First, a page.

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14 March 2022

More oil from Saudi Arabia? Seriously?

Their human rights record is hardly an improvement on Russia's.

By Philippa Nuttall

“Dangerous” is how Ban Ki-Moon described the world’s relationship to climate change this weekend. The former UN secretary-general questioned whether reactions to the war in Ukraine would help to fix the climate crisis or make it worse. “It’s very short-term gain that will lose the long-term interest of humanity,” he said. “I hope politicians have some longer vision for the benefit of the whole world.”

What politicians plan in the short term looks clear — restrictions on Russian oil and gas, in favour of some green energy activity and toe-curling attempts to curry favour with previously persona non grata regimes. As Ban Ki-Moon was worrying about climate action, Boris Johnson was planning a visit to Saudi Arabia to discuss oil. Indeed, the British Prime Minister will fly to Saudi Arabia this week to try to persuade the country to increase its oil output. The UK has pledged to end Russian oil imports by the end of the year in reaction to the horrors being perpetrated by Moscow in Ukraine. Of course, comparing horrific deeds is a mug’s game, but how can we ignore that on Saturday Saudi Arabia announced it had executed 81 men in 24 hours for acts of terrorism and holding “deviant beliefs”?

When Russia annexed Crimea in 2014, the West muttered about reducing reliance on Russian oil and gas. When Russia started its full invasion, however, Europe was more reliant on Russian fossil fuels than ever before. As the war rages on, the West has promised to ditch Russian oil and gas as fast as it can. In a crisis, it is of course true that difficult decisions have to be made quickly, but politicians must also ensure that stop-gap choices, such as getting oil from Saudi Arabia, do not become the status quo.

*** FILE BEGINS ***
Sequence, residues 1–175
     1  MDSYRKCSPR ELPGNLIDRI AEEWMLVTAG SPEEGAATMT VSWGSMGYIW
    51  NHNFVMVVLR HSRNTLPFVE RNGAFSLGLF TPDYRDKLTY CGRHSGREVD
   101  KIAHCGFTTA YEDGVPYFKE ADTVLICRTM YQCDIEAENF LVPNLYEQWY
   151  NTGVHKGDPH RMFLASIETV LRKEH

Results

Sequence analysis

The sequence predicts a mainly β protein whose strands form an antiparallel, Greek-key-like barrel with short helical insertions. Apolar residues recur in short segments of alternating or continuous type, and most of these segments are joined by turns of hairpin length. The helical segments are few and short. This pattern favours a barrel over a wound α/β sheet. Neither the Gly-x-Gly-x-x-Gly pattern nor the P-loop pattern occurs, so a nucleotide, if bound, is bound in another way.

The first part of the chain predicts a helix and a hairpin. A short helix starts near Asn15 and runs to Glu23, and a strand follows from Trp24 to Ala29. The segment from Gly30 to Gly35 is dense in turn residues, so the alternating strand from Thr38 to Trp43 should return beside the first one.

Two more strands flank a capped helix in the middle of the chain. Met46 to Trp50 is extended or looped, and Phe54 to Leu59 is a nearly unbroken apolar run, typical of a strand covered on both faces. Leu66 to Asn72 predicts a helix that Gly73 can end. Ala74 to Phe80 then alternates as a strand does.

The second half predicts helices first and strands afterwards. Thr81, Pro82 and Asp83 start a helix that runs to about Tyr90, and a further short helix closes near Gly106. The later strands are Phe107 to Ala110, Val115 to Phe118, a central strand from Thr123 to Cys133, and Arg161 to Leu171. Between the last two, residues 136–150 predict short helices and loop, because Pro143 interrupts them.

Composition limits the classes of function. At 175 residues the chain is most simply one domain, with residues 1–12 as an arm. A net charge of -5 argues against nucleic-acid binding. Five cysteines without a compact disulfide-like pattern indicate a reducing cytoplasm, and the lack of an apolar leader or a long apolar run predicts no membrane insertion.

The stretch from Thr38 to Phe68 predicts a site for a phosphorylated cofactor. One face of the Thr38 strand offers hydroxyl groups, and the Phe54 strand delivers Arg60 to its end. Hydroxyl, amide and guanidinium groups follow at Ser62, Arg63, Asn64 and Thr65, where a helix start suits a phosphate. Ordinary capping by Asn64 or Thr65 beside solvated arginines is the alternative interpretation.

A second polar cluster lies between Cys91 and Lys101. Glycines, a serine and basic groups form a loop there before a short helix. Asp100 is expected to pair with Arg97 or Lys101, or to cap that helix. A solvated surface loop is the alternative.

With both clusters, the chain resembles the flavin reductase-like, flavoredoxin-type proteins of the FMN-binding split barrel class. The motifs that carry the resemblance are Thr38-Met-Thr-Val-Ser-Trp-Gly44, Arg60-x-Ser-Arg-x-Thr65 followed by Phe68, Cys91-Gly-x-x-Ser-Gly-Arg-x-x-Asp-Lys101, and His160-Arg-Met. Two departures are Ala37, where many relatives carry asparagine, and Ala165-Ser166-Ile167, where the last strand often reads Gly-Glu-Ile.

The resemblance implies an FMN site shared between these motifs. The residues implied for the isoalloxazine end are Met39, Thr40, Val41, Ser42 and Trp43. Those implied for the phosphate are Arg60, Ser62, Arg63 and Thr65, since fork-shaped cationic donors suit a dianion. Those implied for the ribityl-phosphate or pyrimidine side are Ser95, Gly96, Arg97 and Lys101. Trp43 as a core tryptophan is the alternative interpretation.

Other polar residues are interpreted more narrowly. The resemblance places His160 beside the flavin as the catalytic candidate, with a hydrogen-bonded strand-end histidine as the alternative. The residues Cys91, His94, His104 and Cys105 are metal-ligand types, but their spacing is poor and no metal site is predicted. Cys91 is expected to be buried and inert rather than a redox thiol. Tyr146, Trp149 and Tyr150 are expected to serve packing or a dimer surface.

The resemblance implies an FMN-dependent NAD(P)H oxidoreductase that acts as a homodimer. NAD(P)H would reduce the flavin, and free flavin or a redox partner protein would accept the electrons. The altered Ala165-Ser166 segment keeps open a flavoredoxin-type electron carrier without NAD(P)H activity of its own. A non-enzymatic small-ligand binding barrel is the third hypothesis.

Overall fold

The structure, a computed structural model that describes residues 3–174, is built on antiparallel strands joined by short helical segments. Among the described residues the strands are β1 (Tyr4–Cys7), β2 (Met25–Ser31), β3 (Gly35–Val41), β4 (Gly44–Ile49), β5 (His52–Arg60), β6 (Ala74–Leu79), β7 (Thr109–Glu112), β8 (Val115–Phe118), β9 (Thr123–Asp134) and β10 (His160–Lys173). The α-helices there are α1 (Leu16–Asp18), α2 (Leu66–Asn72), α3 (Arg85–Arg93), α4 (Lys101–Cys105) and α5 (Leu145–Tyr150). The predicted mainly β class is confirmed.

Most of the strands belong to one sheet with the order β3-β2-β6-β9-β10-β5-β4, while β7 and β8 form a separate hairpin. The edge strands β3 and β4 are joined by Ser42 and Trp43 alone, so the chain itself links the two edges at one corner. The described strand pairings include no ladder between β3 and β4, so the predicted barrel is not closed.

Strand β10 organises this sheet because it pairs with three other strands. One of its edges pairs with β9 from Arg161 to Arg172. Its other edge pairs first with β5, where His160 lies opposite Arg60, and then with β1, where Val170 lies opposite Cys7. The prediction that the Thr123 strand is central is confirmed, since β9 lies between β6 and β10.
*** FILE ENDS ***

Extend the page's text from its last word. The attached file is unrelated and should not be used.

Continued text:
Following the state-sponsored assassination of the Saudi journalist Jamal Khashoggi in 2018, Western heads of state had tended to avoid one-on-one meetings with Mohammed bin Salman, the crown prince and de facto leader of the country. The decision by Emmanuel Macron, the French president, to visit bin Salman last December was widely questioned. Any reticence on the behalf of other leaders now seems to have vanished, however. Joe Biden, the US president, is believed to have reached out to bin Salman, though he has apparently been rebuffed. Not to be outdone, for the first time in years Biden has also opened up diplomatic channels between the US and Venezuela. The country is home to the world’s largest oil reserves, but its humanitarian and environmental records under Nicolas Maduro are abysmal. The Venezuelan president has also assured Vladimir Putin of his “strong support”, condemned the “destabilising actions of the US and Nato” and spoken out against what he called a Western campaign of “lies and disinformation” related to Ukraine, according to the Kremlin.

Energy prices were already high before Russia invaded Ukraine. Western leaders are rightly concerned about the impact of ending, or even reducing, imports of Russian fossil fuels on the availability and cost of gas, petrol and other commodities. So yes, perhaps, in the very short-term, Europe and the US need to bring in oil and gas from alternative destinations. But where are the medium and long-term strategies to reduce reliance on them forever? A massive increase in renewables and efficiency is much needed, and so is a huge decrease in fossil fuels. Decisions by the West to move its oil and gas spending from one awful regime to another will not help the climate crisis — nor will it make the world a safer place.

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